Recruitment of a critically endangered sawfish into a riverine nursery depends on natural flow regimes

Karissa O. Lear, Adrian C. Gleiss, Jeff M. Whitty, Travis Fazeldean, J. R. Albert, Nathan Green, Brendan C. Ebner, Dean C. Thorburn, Stephen J. Beatty, David L. Morgan

Research output: Contribution to journalArticlepeer-review

13 Scopus citations


The freshwater sawfish (Pristis pristis) was recently listed as the most Evolutionarily Distinct and Globally Endangered (EDGE) animal. The Fitzroy River in the remote Kimberley region of north-western Australia represents a significant stronghold for the species, which uses the freshwater reaches of the river as a nursery. There is also mounting pressure to develop the water resources of the region for agriculture that may substantially affect life history dynamics of sawfish in this system. However, the relationship between hydrology and population dynamics of freshwater sawfish was unknown. We used standardized catch data collected over 17 years to determine how wet season volume influences recruitment of freshwater sawfish into their riverine nursery. Negligible recruitment occurred in years with few days of high flood levels (above 98th percentile of cease-to-flow stage height), and relatively high recruitment occurred in years with 14 or more days of high flood levels. This relationship is indicative of a distinct boom-or-bust cycle, whereby freshwater sawfish rely almost entirely on the few years with large wet season floods, and the brief periods of highest water levels within these years, to replenish juvenile populations in the Fitzroy River nursery. This has direct implications for sustainable water resource management for the Fitzroy River basin in order to preserve one of the last known intact nursery habitats for this globally threatened species.

Original languageEnglish (US)
Article number17071
JournalScientific reports
Issue number1
StatePublished - Dec 1 2019

Bibliographical note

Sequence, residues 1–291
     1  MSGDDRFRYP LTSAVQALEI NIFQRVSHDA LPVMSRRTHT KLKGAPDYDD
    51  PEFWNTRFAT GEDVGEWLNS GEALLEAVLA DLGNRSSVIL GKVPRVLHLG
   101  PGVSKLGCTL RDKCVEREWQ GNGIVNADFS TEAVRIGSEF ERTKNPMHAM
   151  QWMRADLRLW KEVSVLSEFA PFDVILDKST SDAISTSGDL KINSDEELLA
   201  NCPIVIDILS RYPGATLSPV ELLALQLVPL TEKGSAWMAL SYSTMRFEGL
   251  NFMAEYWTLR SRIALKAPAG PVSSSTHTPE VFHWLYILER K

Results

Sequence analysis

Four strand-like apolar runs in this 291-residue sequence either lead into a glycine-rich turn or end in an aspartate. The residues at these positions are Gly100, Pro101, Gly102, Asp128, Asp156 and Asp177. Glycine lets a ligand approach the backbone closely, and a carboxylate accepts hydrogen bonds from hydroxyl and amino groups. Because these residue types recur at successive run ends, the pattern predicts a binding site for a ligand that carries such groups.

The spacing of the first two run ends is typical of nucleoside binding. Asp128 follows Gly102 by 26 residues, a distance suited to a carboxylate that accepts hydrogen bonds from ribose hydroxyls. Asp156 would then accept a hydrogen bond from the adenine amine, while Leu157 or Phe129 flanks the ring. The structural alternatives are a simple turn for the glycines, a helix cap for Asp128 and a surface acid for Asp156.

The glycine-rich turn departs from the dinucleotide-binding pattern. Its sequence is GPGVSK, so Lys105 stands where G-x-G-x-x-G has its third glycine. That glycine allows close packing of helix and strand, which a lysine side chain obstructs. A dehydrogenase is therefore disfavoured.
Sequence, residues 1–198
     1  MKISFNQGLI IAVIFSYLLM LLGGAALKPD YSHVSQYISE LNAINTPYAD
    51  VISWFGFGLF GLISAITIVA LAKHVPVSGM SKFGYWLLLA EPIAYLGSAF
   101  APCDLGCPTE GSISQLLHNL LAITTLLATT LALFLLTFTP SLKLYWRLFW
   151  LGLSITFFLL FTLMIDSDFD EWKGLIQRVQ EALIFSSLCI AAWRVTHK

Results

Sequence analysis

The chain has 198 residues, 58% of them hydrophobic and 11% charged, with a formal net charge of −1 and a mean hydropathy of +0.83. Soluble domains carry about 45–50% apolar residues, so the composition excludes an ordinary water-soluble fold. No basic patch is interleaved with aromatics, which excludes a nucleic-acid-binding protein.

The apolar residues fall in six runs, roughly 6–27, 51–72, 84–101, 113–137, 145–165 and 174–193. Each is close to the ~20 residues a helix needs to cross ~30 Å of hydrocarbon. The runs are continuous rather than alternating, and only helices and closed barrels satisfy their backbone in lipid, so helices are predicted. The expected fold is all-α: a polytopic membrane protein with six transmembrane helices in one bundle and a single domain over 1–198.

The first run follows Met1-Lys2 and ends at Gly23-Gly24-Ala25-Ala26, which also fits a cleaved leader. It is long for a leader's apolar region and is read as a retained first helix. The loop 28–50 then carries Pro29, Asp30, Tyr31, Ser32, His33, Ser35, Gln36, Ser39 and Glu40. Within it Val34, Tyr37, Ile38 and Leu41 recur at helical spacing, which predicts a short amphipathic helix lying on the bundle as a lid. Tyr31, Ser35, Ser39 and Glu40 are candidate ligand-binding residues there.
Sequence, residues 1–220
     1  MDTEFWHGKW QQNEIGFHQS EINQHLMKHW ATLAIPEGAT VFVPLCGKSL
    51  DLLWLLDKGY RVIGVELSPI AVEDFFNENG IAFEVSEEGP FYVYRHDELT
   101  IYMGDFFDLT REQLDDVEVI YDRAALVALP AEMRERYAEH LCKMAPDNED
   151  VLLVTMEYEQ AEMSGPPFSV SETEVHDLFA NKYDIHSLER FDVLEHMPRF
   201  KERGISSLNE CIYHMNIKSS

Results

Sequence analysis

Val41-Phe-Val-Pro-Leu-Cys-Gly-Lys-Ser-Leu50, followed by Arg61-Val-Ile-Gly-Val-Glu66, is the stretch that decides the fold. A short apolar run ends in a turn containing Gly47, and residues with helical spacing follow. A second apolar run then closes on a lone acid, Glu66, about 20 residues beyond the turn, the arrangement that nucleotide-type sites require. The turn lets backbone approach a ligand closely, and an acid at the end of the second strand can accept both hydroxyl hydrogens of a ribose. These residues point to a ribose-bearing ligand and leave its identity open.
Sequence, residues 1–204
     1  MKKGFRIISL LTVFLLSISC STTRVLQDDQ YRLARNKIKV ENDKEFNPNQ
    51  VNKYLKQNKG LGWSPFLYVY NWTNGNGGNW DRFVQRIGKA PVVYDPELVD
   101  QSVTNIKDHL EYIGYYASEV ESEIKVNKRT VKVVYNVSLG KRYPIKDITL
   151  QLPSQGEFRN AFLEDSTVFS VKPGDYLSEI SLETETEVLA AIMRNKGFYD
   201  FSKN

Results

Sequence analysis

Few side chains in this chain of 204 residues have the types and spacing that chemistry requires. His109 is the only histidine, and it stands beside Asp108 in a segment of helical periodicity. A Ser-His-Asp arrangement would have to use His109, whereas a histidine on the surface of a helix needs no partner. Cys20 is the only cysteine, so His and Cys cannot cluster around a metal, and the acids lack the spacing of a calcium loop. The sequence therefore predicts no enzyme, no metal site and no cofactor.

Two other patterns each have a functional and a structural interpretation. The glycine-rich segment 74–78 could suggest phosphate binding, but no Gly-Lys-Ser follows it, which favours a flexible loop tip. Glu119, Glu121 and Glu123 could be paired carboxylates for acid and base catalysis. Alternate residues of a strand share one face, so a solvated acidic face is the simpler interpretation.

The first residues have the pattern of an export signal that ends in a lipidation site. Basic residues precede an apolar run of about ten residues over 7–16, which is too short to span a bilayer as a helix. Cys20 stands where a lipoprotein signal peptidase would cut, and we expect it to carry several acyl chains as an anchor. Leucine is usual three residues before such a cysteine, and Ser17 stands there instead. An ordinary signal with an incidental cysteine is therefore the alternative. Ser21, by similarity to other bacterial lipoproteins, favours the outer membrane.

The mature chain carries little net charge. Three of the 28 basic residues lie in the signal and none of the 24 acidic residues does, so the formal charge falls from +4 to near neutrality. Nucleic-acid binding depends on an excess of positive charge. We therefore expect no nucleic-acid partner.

Funding Information:
We acknowledge substantial support and field assistance from the Nyikina-Mangala Rangers over a long period, as well as support from the Bunuba Rangers, Kimberley Land Council, Yiriman Project, Dambimangari Rangers, Mary Island Fishing Club, Jarlmadangah Community, Yeeda Station, Liveringa Station, Looma Community, Mitre 10 Derby, Willare Roadhouse, people of Derby, Fitzroy Crossing and Broome, as well numerous field volunteers, including M. Aitken, L. Fraser Buckle, L. Marshall, J. Watson, M. Marshall, B. Marshall, R. Watson, C. Watson, K. Watson, N. Watson, J. Albert, D. Giles, H. Wallace-Smith, J. Mansfield, D. Keynes, M. Allen, J. Keleher, E. Byrnes, S. Visser, J. Duncan, C. Morgan, R. Morgan, N. Morgan, J. Wade, A. Rowland, H. Gill, Z. Hogan, T. Campbell, H. Ashe, G. Teasdale, E. Dobinson, B. Norman, T. Ryan and many others. We also gratefully acknowledge support for our Kimberley base by J. and G. Kelly. The project was variably funded by many organizations over a long period for which we are greatly appreciative, including: Murdoch University, Chevron Wheatstone Project, Australian Federal Government (Australian Research Council, Natural Heritage Trust, Land & Water Australia, Department of Environment, Water, Heritage and the Arts), Western Australian Government State Natural Resource Management Program, Forrest Research Foundation, Holsworth Wildlife Research Fund, Worldwide Fund for Nature, National Geographic, Herman Slade Foundation, Animal Planet and Aquarium Society of New South Wales. K.O.L. was supported by an Australian Government Research Training Program Scholarship and the Forrest Research Foundation.

Publisher Copyright:
© 2019, The Author(s).


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